|Belichick, Pats sets another record: shortest celebration in NFL history|
|Written by Admin|
|Monday, 31 December 2007 02:00|
A loud cheer could be heard just past midnight deep in the bowels of Giants Stadium, rocking the visiting New England locker room next door. Bubbly was being poured. A few moments later, the coach of the Patriots entered the interview room through a side door and stepped up to the podium.
Though his words said otherwise, anybody who's seen Belichick work knew any personal celebration of New England's perfect season was effectively over the second he was done talking. He already had his eyes on the prize gleaming in the distance.
``We are going to take a little bit of time and enjoy this one and feel good about what we have accomplished,'' Belichick said, then followed that up without taking a breath. ``Pretty soon, we are going to have to turn the page and move on.''
After a 38-35 win over New York, in what was not the best-played game of the season but might have been the most honest in terms of effort, Belichick touched on a number of topics and didn't reveal much about any of them.
Watch him talk about most things for more than a minute and you're left with the impression this is a guy who seems to have had his emotions and sense of humor surgically removed.
Tom Brady and Randy Moss both set NFL single-season records on the same play - a 65-yard strike that gave the quarterback 50 touchdowns passing and his sidekick 23 TD receptions - and put New England in front to stay.
``I'm happy for the players that got them. I know there were several of them. I wasn't sure what they all were,'' he said. ``But whatever they were, I'm happy they got them.
``But I'm more happy for the team.''
Nobody expects two teams with postseason berths already locked up to pull out the kitchen sink on the last weekend of the regular season, let alone try to beat each other over the head with it. But that's what happened here Saturday night, from the first play until almost the last.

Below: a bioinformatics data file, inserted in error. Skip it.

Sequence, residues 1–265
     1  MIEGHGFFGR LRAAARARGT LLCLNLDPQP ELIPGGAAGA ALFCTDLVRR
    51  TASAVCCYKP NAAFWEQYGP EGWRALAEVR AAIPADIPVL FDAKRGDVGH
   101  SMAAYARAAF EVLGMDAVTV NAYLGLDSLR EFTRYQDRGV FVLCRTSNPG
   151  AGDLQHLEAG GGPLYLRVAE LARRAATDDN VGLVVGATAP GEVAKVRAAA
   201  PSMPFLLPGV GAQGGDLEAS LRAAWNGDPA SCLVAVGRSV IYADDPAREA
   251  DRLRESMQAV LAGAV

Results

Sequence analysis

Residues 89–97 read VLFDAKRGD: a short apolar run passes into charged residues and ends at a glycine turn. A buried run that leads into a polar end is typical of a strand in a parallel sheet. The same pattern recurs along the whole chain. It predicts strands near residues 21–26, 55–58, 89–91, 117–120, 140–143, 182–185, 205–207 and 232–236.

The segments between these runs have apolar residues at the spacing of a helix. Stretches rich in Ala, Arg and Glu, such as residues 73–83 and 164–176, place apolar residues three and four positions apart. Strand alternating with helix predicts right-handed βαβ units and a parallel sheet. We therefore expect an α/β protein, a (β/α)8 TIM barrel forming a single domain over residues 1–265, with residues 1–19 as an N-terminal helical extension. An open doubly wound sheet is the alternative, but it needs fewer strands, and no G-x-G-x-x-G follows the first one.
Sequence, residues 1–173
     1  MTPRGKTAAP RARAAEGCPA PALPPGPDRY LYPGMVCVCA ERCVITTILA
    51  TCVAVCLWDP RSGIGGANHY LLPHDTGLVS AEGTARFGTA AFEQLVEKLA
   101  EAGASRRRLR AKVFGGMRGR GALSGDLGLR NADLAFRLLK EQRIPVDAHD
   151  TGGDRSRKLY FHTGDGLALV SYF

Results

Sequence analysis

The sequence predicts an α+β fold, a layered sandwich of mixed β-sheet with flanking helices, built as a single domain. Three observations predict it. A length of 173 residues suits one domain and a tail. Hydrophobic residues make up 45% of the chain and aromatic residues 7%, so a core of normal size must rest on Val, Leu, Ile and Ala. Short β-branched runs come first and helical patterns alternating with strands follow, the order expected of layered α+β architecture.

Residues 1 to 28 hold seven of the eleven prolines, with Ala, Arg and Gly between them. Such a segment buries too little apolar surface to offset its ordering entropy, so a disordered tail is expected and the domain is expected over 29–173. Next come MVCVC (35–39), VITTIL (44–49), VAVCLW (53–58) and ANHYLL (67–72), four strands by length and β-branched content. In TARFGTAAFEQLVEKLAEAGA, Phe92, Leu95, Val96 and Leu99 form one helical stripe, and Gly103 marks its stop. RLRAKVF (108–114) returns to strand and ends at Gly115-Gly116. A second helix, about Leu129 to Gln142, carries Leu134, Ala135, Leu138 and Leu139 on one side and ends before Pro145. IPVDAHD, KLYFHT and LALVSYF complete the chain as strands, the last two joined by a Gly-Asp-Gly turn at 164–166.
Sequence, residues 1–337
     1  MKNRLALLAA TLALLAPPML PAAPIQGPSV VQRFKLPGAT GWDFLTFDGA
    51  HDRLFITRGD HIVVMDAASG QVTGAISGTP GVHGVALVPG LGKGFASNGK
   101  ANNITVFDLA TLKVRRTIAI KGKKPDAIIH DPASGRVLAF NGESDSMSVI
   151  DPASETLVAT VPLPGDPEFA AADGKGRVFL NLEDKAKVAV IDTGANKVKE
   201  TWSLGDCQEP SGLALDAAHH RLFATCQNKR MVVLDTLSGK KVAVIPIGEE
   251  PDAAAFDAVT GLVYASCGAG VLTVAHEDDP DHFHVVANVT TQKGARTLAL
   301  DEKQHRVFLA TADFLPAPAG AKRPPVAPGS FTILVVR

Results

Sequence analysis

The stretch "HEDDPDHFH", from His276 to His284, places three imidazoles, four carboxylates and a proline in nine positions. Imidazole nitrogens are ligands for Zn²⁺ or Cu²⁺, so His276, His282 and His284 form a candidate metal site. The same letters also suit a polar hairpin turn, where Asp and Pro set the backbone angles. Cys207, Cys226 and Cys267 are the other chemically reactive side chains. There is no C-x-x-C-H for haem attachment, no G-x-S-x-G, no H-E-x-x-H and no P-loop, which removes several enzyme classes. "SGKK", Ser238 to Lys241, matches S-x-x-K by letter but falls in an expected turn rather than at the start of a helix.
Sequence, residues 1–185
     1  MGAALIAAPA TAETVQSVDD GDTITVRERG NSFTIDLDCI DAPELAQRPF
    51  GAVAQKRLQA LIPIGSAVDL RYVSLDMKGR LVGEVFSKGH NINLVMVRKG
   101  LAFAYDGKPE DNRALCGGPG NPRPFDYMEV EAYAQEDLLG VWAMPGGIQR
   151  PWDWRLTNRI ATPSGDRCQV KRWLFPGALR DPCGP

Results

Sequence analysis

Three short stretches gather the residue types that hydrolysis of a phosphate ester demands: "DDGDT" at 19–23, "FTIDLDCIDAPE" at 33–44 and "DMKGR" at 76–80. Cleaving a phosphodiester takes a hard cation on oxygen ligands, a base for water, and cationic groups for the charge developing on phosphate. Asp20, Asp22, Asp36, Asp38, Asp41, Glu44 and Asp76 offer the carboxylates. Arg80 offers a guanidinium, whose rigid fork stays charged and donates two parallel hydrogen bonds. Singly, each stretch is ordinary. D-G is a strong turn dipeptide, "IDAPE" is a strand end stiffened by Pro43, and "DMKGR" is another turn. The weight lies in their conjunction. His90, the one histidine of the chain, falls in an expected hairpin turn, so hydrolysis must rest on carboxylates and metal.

That the game-breaker happened to tie together several of the most important elements from the Patriots' journey to the NFL's first perfect regular season in 35 years - another clutch play, another fourth-quarter comeback, the brilliance of Brady and Moss - was pure serendipity.
Yet the way his players reacted to it, both at that moment and afterward, well, that was pure Belichick. He might not appear to have enough personality, at least not in public, to go around. Whatever there is, though, has been grafted onto his team.
Someone asked linebacker Tedy Bruschi, who's been at Belichick's side for the entire championship run, what he was thinking about after that record-breaking score.
``What is the score? What does it do for us? Does it put us in the lead? Are we behind after the score? What do I have to do as a defensive player once we kick off the ball and get the return. That's how focused we are,'' he said.
``I think I realized what had just happened when Randy threw the ball back to the sideline. I was like, 'There is the ball. The ball that set those records.' Then you shake it off, and realize here comes the kickoff and 'What do we have to do?'''
Brady had barely escaped from a brief, impromptu celebratory hug with his offensive line when he poked two fingers into the sky, not a ``victory'' sign to be sure, but a signal to the rest of the offensive unit that they needed a 2-point conversion. They got that, got everything else they needed to win, in fact, but afterward his celebration was almost as brief.
Like Bruschi said, that's how focused they are.
``Coach has kept us pretty grounded,'' Brady said. ``He's not so concerned with records and stuff like that. He's most concerned with us putting our best out there each week.''
That was a lesson Belichick learned from his mentor, Bill Parcells, who also taught him ``there's no meaningless games when you're playing in them.''
Giants coach Tom Coughlin learned the same lesson from the same man and in what might have been the most fitting tribute of all, contested what was in fact a meaningless game for his team like it was the Super Bowl. He didn't rest any of his banged-up regulars, making the Patriots earn their place in history the hard way.
It may have cost him the services of starting center Shaun O'Hara and weakside linebacker Kawika Mitchell for the postseason, considerably weakening New York's chances of making a splash, but Coughlin didn't care.
``We will have to evaluate and see how they are,'' Coughlin said. ``It is most unfortunate, but we are going to play the 16th game.''
Now that's something that would have impressed even Belichick.
Jim Litke is a national sports columnist for The Associated Press. Write to him at jlitkeap.org